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danadude1 02-25-2010 10:10 PM

one service main two meters
 
hay all hows it,
I'm working on this well with a booster pump at this duplex two residents ,one service main two meters . I want to wire off both meters in to feed a 110 volt booster pump . I'm thinking I can put in a splice box after both meters wire to the main lugs both black on both meters to my sub panel at the well this way both residents pay for service. I understand that if wire both meters Wong I will end up with 240 at my sub panel .
thanks for your input.

nap 02-25-2010 10:29 PM

I am not sure of exactly how things are set up but this sounds like a really bad (and illegal) idea.

Tonglebeak 02-25-2010 11:08 PM

I agree on this being a bad idea, and I'm not even talking from an electrical standpoint.

If your idea is to draw a little bit of power off one meter and a bit off the other meter...ahh screw it, can someone please tell me how you can draw 120v from two different power sources and not make 240v (I'm still learning...would both wires have to come off the same service conductor for this)?

Anyways, from a "bad idea" perspective...if you did this...just...no. If Joe uses an inkling more water (which translates to more power) than the Jack, then Jack would have to pay for part of Joe's usage.

To make it clearer...say Joe uses 10kwh and Jack uses 2kwh. Well, with your idea, then each meter would see 6kwh...so now Jack is getting billed 4kwh that he never used in the first place. Completely wrong and unfair.

HooKooDooKu 02-26-2010 12:37 AM

I can think of ways that might be a legal and safe to share the power load between the two units. But the idea would be cost prohibitive (i.e. hundreds of dollars).

You would be better off finding a way to estimate the monthly cost to run the pump, connect the pump to just one unit, then provide that unit a rebate on their rent to account for the average power use of the pump. My gut instinct would guesstimate that the pump can't cost more than about $5/month to run (unless there's things like irrigation systems connected to the well as well).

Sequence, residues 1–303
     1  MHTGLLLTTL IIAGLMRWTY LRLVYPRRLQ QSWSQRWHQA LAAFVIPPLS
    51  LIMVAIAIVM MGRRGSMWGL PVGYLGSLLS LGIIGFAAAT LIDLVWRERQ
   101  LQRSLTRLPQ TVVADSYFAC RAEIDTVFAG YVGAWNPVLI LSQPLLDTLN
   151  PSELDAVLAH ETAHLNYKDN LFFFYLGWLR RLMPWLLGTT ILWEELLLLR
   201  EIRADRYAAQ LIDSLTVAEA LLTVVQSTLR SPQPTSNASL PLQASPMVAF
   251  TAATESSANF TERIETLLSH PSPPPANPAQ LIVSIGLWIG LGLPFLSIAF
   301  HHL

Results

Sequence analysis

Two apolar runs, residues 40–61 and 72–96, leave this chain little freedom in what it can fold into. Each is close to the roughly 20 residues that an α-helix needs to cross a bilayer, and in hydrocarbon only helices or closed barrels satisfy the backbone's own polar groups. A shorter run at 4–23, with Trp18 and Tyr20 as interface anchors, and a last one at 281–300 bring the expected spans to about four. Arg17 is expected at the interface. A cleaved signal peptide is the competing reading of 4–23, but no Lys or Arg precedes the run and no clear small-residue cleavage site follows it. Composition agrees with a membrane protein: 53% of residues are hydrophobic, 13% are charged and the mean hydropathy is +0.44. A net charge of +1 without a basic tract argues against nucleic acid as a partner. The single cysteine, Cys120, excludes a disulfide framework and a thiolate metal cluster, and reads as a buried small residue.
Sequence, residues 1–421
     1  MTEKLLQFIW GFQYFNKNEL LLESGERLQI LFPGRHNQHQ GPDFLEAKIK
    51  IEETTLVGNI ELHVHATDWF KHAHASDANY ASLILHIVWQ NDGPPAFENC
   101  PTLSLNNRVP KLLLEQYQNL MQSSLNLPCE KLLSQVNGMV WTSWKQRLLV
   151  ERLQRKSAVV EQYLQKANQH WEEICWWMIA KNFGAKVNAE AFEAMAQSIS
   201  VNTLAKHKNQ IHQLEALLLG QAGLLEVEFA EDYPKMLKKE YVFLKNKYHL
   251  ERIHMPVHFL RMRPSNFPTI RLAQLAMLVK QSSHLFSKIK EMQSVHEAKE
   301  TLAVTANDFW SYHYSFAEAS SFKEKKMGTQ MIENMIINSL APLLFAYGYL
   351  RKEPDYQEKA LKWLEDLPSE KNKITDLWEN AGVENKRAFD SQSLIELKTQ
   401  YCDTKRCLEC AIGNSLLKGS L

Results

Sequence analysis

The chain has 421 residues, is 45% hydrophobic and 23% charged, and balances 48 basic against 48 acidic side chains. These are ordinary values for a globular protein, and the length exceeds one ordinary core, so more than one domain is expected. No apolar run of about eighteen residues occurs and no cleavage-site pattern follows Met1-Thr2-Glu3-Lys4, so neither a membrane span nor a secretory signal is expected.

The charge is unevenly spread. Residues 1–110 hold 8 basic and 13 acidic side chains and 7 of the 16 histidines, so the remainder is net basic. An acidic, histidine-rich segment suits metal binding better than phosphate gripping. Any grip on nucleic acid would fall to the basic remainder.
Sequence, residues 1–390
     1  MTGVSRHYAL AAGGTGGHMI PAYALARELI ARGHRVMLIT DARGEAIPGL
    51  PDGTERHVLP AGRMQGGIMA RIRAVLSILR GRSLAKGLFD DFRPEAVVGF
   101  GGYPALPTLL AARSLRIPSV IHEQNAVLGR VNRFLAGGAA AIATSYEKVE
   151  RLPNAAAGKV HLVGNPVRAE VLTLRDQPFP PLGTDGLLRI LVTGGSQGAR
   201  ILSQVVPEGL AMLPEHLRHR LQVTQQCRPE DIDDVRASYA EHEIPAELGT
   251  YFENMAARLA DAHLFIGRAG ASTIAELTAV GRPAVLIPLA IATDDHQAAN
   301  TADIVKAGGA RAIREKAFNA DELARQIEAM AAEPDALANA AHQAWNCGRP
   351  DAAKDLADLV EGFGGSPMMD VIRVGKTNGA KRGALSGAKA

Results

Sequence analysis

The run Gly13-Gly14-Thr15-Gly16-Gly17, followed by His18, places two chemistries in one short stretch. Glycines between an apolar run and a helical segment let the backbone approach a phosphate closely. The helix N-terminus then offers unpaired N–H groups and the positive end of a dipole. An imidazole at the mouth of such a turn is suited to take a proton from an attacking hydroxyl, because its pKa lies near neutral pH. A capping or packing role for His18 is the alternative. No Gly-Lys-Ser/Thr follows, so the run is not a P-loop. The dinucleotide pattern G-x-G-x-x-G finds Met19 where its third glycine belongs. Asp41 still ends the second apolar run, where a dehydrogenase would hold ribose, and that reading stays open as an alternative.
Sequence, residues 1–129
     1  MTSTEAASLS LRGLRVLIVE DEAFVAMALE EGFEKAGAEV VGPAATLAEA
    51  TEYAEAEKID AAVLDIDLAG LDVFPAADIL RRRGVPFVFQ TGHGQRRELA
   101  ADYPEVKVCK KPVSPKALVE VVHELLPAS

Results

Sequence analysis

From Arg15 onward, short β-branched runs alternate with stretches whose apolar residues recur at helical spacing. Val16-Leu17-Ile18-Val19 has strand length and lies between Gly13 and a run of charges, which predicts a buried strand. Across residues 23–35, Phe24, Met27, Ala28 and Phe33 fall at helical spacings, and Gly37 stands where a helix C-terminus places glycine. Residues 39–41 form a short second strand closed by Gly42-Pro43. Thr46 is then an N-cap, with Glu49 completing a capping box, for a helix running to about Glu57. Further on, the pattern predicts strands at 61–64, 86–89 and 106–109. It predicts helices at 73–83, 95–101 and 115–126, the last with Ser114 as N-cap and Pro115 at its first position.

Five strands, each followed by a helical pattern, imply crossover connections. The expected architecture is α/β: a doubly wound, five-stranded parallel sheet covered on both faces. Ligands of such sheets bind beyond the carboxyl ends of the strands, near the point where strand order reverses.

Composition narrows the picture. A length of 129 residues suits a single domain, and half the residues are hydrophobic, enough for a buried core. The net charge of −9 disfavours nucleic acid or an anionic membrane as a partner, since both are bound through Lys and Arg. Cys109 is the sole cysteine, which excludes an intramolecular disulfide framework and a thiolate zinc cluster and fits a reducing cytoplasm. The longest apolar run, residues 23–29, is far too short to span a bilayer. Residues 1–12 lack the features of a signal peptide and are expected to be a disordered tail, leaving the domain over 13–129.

Tonglebeak 02-26-2010 01:23 AM

Quote:

Originally Posted by HooKooDooKu (Post 406110)
I can think of ways that might be a legal and safe to share the power load between the two units. But the idea would be cost prohibitive (i.e. hundreds of dollars).

You would be better off finding a way to estimate the monthly cost to run the pump, connect the pump to just one unit, then provide that unit a rebate on their rent to account for the average power use of the pump. My gut instinct would guesstimate that the pump can't cost more than about $5/month to run (unless there's things like irrigation systems connected to the well as well).

That still would be unfair to the resident who uses the least amount of power.

HooKooDooKu 02-26-2010 08:17 AM

Quote:

Originally Posted by Tonglebeak (Post 406116)
That still would be unfair to the resident who uses the least amount of power.

:huh: We have two homes, each home has it's own power meter, but they share a well. It costs $5/month in electricity to run the well pump (let's assume). How does power consumption play into this at all if the tenate who's power meter powers the pump is conpensated the $5.

Now if you're talking about the "cost prohibitive" idea I didn't detail, a sample idea would be to setup a transfer switch such that the pump gets power from only one of the two meters at a time. If you flip the transfer switch each day or each month or on any routine basis, the cost to run the pump is shared and the two electrical systems remain independant. But such a setup would cost $$$ to setup for something that only costs $ per month.

Tonglebeak 02-26-2010 08:52 AM

Quote:

Originally Posted by HooKooDooKu (Post 406172)
:huh: We have two homes, each home has it's own power meter, but they share a well. It costs $5/month in electricity to run the well pump (let's assume). How does power consumption play into this at all if the tenate who's power meter powers the pump is conpensated the $5.

Now if you're talking about the "cost prohibitive" idea I didn't detail, a sample idea would be to setup a transfer switch such that the pump gets power from only one of the two meters at a time. If you flip the transfer switch each day or each month or on any routine basis, the cost to run the pump is shared and the two electrical systems remain independant. But such a setup would cost $$$ to setup for something that only costs $ per month.

It's one thing to reimburse someone for power they didn't use. It's another to to not reimburse (in the TC's case, it sounds like he wants to pass the well pump costs directly to the residents, except this isn't the way to do it). Why not just eat the $5 a month and not rip off tenants?

nap 02-26-2010 09:07 AM